Black Sea viper (Vipera pontica)
The Black Sea viper is classified as Endangered (EN) on the IUCN Red List (1).
The extremely rare Black Sea viper (Vipera pontica) is a striking snake with a dark brown and black zigzag band running along its back. It has an upturned, hornless snout and a yellow-green tail tip, similar to that of the asp viper (Vipera aspis). Its body is mostly dark brown and beige in colour (2).
There are four other similar species in the kaznakovi group which the Black Sea viper belongs to. The Caucasus subalpine viper (Vipera dinniki) has a similar head shape to that of the Black Sea viper (2).
The Black Sea viper is found in northeast Turkey within the Pontic Black Sea Region (1).
The habitat of the Black Sea viper consists of rocky areas on forested mountains, and it is also associated with Mediterranean vegetation (1).
There is limited specific information on the biology of the Black Sea viper due to the rarity of this species. However, vipers, in general, are one of the largest and most highly evolved groups of snakes (3). Like the Caucasian viper, the Black Sea viper is camouflaged to help catch its prey, which mostly consists of small mammals (4). Vipers are typically slow moving, however, once their prey is sighted, they can strike rapidly. The fangs of vipers are typically folded back against the roof of the mouth, allowing the jaw to be closed (3) (4), but can be erected by muscles when needed (4). After being bitten, the prey is often released, leaving it to seemingly escape; however, the venom then acts on the prey’s blood or nervous systems, and the snake can then track down and consume the dead or dying animal (4).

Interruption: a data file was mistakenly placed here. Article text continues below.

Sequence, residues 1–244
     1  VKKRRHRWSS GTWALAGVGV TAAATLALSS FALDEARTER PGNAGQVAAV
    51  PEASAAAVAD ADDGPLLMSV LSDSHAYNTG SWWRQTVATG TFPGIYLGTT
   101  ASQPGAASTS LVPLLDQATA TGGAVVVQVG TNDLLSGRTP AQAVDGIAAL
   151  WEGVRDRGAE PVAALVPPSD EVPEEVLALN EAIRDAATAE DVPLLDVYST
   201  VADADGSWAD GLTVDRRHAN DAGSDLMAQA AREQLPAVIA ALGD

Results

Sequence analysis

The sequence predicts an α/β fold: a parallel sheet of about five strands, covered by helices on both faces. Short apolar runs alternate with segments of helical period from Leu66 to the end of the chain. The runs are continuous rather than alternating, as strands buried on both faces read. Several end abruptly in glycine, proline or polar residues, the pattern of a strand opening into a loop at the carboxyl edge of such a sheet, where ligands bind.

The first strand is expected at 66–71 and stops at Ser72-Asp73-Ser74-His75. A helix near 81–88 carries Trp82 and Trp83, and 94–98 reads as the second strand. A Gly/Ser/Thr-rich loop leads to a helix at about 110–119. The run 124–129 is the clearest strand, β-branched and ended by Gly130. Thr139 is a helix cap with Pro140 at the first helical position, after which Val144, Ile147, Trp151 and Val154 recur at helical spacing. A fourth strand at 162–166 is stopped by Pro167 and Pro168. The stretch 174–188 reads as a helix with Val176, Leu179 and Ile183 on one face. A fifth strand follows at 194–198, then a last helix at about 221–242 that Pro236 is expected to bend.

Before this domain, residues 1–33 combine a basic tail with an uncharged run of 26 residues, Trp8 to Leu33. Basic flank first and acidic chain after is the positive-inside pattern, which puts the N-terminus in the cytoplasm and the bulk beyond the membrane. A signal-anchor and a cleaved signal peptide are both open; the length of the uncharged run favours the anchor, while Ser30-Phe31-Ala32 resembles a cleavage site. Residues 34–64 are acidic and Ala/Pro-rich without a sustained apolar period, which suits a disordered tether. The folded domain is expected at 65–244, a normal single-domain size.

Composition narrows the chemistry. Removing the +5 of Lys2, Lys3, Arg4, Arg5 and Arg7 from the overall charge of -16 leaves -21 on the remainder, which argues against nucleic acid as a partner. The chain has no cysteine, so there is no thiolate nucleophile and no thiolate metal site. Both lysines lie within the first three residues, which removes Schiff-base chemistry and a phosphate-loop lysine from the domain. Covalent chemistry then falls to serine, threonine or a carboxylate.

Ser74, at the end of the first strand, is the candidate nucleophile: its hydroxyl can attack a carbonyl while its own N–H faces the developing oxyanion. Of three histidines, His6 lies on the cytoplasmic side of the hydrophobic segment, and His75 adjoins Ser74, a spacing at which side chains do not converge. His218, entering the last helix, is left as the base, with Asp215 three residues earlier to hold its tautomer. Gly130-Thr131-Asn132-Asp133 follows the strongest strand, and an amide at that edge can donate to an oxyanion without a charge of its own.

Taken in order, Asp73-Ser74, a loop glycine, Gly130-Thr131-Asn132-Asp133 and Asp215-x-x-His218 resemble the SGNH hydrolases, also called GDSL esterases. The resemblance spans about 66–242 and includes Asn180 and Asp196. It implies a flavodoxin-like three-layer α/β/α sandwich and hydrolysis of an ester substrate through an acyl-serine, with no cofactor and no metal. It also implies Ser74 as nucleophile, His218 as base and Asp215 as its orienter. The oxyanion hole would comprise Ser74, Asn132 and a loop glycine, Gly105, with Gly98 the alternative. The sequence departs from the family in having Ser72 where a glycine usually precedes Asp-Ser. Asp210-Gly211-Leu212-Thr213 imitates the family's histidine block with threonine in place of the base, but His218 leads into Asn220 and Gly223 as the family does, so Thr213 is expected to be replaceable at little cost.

It is estimated that there are probably fewer than 250 mature individuals of this rare and beautiful snake. Habitat loss is a potential threat to the Black Sea viper, with some land being cleared for motorway construction. The Black Sea viper is not known to be found in any protected areas (1).
This species has not yet been recorded as being sold in the pet trade (1).
There are no known specific conservation measures in place for the Black Sea viper. Protected areas in the range of the Black Sea viper need to be established to preserve this exceptionally rare snake. Known populations need to be monitored and more studies need to be carried out to determine the distribution and ecology of the species (1).
Find out about viper conservation:
The Orianne Society - Viper Conservation Initiatives:
This information is awaiting authentication by a species expert, and will be updated as soon as possible. If you are able to help please contact:
IUCN Red List (September, 2011)
- Billing, H., Nilson, G. and Sattler, U. (1990) Vipera pontica sp.n., a new viper species in the kaznakovi group (Reptilia, Viperidae) from northeastern Turkey and adjacent Transcaucasia. Zoologica Scripta, 19: 227-231.
- Khanna, D.R. and Yadav, P.R. (2004) Biology of Reptiles. Discovery Publishing House, New Delhi.
- Hildyard, A. (2001) Endangered Wildlife and Plants of the World: Volume 12. Marshall Cavendish, New York.